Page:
Peter Edgette has become the youngest person to bench press 600 pounds raw in competition in the history of powerlifting. He did so at 22 years and 4 months of age, breaking my record of 22 years and 10 months of age. He attained this amazing feat earlier this month at the Metroflex Strength Association, Wild Game Feast powerlifting meet at the world-famous Metroflex Gym in Arlington, Texas.
SEE ALSO: Boost Your Bench Press in 6 Weeks
Hailing from Plano, Texas, Peter is an engineering student and a legendary bouncer in the beer halls of Dallas, Texas. While most kids Peter’s age are zeroed in on women, whiskey and cigars, Peter is like a priest, but the weight room is his monastery. In the three years I have trained Peter, he has never missed a session and he approaches each one with Zen-like focus.
Check out the actual lift at 2:17 into the video.
Here are 4 strategies that helped Peter achieve this incredible 600-pound bench press.
1. Decrease Bench Press Frequency
Poke around Instagram and you will stumble upon green trainees enthusiastically proclaiming how they are going to squat or bench press every day; assuming they don’t get injured, they usually burn out.
We had one priority – make Peter Edgette the youngest human being to bench press 600 pounds, not to get social media likes.
We decreased Peter’s training frequency on the bench press from two days a week to one day per week. The result was Peter stayed injury-free and approached each session with enthusiasm.
Application Point: Genetic thoroughbreds like Peter are easy-gainers, meaning they need to train less often and with less volume. Many self-proclaimed “hard gainers” with poor genetics gleefully exclaim they should train less. These “experts”, in reality, are as full of crap as a Christmas Turkey. Fast gainers have much more fast-twitch muscle fibers and efficiently recruit a greater number of muscle fibers, all which requires greater recovery. The less gifted you are at something, the longer and more frequently you must practice to become a jedi master!
2. Increase Upper Back Training Volume/Frequency
A strong upper back is not the most important component of a big bench press. However, as Kaz said, “Strong man equals strong back.” The bench press is no exception. A big, strong upper back gives you a large shelf to bench press off of and even provides a little spring on the press up. Examining all of Peter’ numbers, his upper back was proportionally weak compared to the opposing muscles on the front side of his body.
Application Point: Peter trains three to four times per week with weights. One day was devoted completely to upper back training, at least two other days included minimally one exercise for his upper back. I have found, purely by anecdotal observation, the upper back responds very well to high frequency/high volume training, regardless of what type of gainer you are. Peter did a minimum of 32 sets of upper back work per week. The lower back does NOT recover quickly, so to increase upper back training frequency, use things like pull-up variations, lat pull downs and keep rows chest supported.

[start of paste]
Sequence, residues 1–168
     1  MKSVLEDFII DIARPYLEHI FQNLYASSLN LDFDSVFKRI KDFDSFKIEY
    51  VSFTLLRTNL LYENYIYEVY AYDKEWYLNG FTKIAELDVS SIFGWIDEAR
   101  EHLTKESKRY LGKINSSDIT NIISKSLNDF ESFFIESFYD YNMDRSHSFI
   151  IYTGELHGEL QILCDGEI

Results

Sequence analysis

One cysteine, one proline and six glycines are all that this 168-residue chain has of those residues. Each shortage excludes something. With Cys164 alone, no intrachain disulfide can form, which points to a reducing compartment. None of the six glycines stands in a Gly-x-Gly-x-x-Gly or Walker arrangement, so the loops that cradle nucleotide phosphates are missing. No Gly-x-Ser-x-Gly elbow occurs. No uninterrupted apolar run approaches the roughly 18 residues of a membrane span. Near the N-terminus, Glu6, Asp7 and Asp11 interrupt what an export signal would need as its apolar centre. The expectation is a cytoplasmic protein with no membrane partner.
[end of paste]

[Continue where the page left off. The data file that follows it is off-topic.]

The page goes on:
3. Implement Partial Weighted Dips
Traditional bodybuilding wisdom says a full range of motion is needed for full development. That is all fine and dandy but to accomplish what never has been accomplished in the bench press, it is going to take some exploration outside of traditional orthodoxy. Peter, at bodyweight of 299 pounds, did dips with sets of five reps with 320 pounds over his bodyweight to a depth of about three inches above parallel.
Application Point: Peter has always had great drive off his chest; his lockout strength or triceps were the weak link. In the past we tried close-grip bench presses, rack lockouts, bands and chains but we did not get the desired result of a 600-pound bench press. Peter’s goal of 600 remained rigid, but with this rigidity we were flexible in our approach, we discarded what did not work and found what was useful, and the desired outcome was achieved!
4. Train with Submaximal Weights
In the past, Peter went too heavy too often. This whole entire 12-week training cycle, Peter did eight reps of 540 pounds or over; this was spread over five sessions. Peter trained using lighter weights while focusing on technique, tightness and every single repetition putting maximum force into the barbell. Simply, Compensatory Acceleration Training was the name of the game.
Perfect practice paid off! Lifting huge weights in the gym that don’t carry over into competition is mental dwarfism!
Application Point: The principle of individual differences tells us that everyone has a different genetic blueprint. Simply put, some people do better not training heavy as often, while others need to! The key take-away is performing all repetitions in work sets with perfect technique, tightness and with maximum force.
Peter has all the tools to achieve the heaviest bench press of all-time.
I’ve shared with you things that have worked for Peter, so it is your job to keep what is useful to help you and to get rid of what is not.
Time to bench press!